For a robot to succeed in the home, it has to be affordable, capable and serve some task that people either can’t or simply don’t want to perform. Only iRobot’s Roomba has come close. The product has found success, but even so, its one-note functionality feels underwhelming compared to the expectations science-fiction has been feeding us for decades. But products like it and Amazon’s Echo are slowly opening the door to more technology in the home. Though Misty tells me it believes a truly mainstream consumer robot is still “several years” away.
“We don’t believe it’s time for a mainstream robot,” says CEO Tim Enwall, who also founded Google-owned home automation company Revolv. “We don’t believe there [is currently] a market for it. What we do believe is that there will be a robot in everyone’s home and office and there is a progression to that process. And that progression, like every other technology we’ve ever adopted as humans, doesn’t start with a mainstream market. It starts with an innovator market.”
Misty’s first several products will be targeted at the hobbyist/maker market — something more akin to where desktop 3D printing and drones have been for the past decade. From there, however, it hopes to build toward something more substantial, both through acceptance among early adopters and a fine-tuning of the multi-purpose robot’s functionality. But, adds Enwall, “even the first-generation of product will embody the principles required for putting a robot in everyone’s home and office. It’s just that this first version will be targeted at innovators.”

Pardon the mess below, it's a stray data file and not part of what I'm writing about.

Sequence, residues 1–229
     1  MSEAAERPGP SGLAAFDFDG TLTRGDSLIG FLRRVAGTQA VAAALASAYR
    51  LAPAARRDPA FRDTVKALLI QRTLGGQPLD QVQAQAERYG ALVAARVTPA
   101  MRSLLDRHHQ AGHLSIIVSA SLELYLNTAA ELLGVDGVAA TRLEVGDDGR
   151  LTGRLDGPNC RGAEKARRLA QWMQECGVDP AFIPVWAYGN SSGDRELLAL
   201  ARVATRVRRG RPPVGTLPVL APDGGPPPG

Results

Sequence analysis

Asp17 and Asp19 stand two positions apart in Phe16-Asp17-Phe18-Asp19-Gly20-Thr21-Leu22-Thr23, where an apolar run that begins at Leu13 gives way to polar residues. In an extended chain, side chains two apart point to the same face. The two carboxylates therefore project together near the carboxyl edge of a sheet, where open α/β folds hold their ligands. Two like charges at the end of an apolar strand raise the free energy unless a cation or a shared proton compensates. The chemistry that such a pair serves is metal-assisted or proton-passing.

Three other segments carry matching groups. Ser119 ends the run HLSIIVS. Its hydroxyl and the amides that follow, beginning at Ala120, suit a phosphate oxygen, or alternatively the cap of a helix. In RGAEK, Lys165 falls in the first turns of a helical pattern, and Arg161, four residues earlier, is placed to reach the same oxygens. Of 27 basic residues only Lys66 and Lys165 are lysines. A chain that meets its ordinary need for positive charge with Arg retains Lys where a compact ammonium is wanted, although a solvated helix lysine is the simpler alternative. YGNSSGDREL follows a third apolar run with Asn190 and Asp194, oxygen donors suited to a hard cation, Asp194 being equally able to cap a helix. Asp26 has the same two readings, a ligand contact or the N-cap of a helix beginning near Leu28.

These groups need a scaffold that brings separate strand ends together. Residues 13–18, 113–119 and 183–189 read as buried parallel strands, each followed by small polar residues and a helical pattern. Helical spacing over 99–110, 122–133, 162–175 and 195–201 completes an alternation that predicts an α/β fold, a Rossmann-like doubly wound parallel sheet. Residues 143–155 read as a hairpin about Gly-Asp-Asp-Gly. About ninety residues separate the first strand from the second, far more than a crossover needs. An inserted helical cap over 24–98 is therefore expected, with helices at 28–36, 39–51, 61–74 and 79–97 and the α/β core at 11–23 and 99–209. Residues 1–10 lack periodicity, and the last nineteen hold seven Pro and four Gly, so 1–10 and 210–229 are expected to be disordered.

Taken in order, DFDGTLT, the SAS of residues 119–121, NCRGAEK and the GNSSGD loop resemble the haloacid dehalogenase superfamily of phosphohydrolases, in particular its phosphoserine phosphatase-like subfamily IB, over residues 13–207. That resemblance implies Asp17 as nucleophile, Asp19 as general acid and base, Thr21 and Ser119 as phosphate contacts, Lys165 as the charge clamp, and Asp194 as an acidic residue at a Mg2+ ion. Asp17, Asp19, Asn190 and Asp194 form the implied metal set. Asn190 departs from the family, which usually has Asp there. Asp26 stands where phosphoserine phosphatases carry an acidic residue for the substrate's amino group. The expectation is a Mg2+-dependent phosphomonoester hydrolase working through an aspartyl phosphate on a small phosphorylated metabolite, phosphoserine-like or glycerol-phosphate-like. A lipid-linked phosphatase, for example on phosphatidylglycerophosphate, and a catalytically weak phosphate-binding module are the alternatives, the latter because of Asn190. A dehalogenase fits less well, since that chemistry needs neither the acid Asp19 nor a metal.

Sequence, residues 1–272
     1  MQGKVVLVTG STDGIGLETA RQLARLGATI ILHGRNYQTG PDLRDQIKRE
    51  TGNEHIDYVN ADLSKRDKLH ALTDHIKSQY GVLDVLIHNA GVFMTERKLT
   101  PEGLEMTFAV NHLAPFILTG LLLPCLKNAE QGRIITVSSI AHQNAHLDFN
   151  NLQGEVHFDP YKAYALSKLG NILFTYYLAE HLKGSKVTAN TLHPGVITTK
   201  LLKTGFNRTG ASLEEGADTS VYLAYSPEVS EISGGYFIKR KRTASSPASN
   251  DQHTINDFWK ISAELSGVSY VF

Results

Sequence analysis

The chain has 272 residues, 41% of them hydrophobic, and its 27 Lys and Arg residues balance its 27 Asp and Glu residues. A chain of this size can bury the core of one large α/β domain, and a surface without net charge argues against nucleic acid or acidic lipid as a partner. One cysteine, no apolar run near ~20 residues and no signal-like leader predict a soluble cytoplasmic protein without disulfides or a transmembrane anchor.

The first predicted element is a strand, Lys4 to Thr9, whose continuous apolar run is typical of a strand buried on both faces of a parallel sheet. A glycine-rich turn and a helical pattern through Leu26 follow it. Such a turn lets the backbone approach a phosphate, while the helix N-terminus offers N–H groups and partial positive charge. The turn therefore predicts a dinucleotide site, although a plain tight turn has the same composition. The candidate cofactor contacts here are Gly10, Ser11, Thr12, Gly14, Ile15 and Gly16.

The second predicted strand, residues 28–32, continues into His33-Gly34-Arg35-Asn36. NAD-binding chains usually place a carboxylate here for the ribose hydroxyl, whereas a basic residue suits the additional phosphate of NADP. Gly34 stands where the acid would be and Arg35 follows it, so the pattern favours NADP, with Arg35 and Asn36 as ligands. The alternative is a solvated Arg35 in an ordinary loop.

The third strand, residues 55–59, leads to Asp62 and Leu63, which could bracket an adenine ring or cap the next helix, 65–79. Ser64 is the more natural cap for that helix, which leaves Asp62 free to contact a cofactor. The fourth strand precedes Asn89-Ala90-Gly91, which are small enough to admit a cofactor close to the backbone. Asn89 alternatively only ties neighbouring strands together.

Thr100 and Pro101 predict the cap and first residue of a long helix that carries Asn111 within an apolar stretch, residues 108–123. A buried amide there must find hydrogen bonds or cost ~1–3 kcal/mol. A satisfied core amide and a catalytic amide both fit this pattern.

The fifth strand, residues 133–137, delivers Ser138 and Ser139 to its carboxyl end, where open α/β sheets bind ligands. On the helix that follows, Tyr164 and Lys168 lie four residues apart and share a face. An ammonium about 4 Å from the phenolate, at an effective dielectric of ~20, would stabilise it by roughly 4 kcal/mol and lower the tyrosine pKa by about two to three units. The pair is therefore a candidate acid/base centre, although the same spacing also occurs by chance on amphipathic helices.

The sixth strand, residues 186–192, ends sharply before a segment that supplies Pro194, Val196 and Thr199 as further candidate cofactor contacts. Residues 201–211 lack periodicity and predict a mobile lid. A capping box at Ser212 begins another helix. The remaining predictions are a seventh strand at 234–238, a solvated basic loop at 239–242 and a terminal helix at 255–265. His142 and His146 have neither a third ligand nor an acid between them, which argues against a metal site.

The company has released the above promotional image, which highlights an early prototype. At the very least, it appears to point to something more biologically influenced that the Roomba’s hockey puck shape. Whether it takes the form of a humanoid robot, an animal or something else entirely, remains to be seen.
Though Misty’s Sphero experience does point to a company that understands the value of imbuing a product with personality. “We’ve learned a lot,” says Bernstein. “From the progression of starting to add personality in Sphero 2.0, to the Disney deal, [we’ve learned] the power of creating a robot that’s…more of a character.”
Misty’s first product is set to hit the market next year.
June 20, 2017 / Comments Off on Sphero spinoff Misty Robotics gets $11.5 million to create a mainstream robot for the home